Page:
There have been varied reactions to the iPad but those that most interest me are those that go beyond Apple's marketing message of "the iPad is a new thing that will revolutionize computing" and ask "where will this revolution lead?"
An angle I find especially interesting is expressed in Alex Payne's On the iPad.
What I find most interesting is how he speaks to the side effects that Apple's choice to keep the iPad closed may have for future engineers. The closed system may result in the loss of that magic moment when a future engineer sees behind the curtain.
To set up the binary: iPad is for users, personal computers are for inventors.
That magic moment where you see how the machine works and the code invites you.
- Invent a better way to do something
- Invent entirely new things that haven't been done before
These invitations are the reason that many of us became engineers. The concern is that without that moment we'll lose some of the innovators of the future.
I remember that moment and the effect it had on me, so I'm partial to the concern. But I don't see that concern playing out in my children's lives nor am I entirely convinced it will in yours.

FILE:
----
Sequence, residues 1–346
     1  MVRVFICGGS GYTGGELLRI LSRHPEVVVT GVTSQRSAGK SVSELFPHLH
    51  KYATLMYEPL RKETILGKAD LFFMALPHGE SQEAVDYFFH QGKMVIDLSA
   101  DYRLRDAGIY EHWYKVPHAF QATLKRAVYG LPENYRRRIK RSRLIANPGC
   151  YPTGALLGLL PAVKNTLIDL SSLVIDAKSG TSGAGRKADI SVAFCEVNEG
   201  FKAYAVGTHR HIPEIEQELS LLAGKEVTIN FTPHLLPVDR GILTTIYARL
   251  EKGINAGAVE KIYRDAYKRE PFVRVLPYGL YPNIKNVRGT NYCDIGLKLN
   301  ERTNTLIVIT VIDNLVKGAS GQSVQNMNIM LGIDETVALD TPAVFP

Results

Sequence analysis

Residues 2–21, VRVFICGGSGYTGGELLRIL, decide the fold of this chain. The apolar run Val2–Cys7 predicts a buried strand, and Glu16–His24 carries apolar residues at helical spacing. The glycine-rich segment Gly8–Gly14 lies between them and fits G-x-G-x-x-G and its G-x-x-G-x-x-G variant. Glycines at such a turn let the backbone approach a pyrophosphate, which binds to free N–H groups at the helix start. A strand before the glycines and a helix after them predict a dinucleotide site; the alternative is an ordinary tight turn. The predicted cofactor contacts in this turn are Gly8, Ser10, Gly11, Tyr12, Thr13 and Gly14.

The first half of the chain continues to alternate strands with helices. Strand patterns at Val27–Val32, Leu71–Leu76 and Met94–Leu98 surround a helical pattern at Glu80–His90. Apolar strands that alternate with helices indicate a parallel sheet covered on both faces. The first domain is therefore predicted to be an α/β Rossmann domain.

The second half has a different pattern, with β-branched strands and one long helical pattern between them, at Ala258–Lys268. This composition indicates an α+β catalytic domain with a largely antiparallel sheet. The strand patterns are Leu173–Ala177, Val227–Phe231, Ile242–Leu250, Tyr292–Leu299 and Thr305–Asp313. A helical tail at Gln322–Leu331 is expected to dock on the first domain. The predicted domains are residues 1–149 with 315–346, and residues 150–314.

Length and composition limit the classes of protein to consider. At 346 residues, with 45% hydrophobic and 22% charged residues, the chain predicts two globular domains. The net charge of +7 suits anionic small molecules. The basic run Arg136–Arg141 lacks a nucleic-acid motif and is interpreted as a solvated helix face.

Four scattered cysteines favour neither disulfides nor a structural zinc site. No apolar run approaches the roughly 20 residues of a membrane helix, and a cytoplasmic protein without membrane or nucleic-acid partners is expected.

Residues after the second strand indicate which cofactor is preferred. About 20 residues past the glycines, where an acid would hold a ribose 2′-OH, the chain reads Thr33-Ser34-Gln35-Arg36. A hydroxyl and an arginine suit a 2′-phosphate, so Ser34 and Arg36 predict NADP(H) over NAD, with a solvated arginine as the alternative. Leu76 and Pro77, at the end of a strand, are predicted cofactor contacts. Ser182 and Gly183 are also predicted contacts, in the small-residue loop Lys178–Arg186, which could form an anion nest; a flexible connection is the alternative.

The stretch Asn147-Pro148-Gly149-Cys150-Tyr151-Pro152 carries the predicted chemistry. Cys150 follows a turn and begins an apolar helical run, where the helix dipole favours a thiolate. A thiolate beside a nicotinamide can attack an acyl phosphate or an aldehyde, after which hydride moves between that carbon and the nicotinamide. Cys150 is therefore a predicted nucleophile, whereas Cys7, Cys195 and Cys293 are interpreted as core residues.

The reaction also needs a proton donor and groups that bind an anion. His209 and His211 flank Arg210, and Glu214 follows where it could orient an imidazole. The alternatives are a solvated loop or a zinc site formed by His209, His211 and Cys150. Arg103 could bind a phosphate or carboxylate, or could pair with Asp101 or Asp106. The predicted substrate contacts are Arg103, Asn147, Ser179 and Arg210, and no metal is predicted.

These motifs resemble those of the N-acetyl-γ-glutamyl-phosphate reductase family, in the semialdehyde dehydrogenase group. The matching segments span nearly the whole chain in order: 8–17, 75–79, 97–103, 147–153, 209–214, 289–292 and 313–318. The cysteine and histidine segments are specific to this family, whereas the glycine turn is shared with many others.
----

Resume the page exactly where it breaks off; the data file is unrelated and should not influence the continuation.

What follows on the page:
In most households, the iPad won't be the only device. For the short term, where there's an iPad there's a personal computer. Where there's a personal computer, there's an opportunity for that magic moment. The future will show whether our digital lifestyle future will keep to the closed system or whether forces for openness will prevail.
Another valuable angle is: the binary is a false one.
- Not all invention comes from engineers
- Not everybody needs to get into how the machine works
My Dad would love to have an iPad. He likes computers but the iPad epitomizes the "just show me what I want" approach that he's hungered for in a computer for a long time. He doesn't care about command lines or when abstractions leak. He wants his applications to just work. Email, social networks, office documents. Having a device that lets him do that with minimal thinking about installation or configuration would make him very happy and he wouldn't feel that he'd missed out on anything.
I have a hard time criticizing that as an experience designer. There's a device coming that's what he wanted. My internal dialog about "it looks like a giant iPod Touch," "you don't actually create anything on this yet," "there's no chance to see the man behind the curtain," these things don't matter to many people. They just want the thing to work and work as transparently as possible.
The closed system will provide that for many people.
iPad in various respects isn't what I'd hoped for. I wanted something more open. At this point in time, the closed system is a feature. It lies on those of us who prefer the open system to provide an answer. How will we provide an open system that offers simple installation of applications that get out of users' way as much as possible.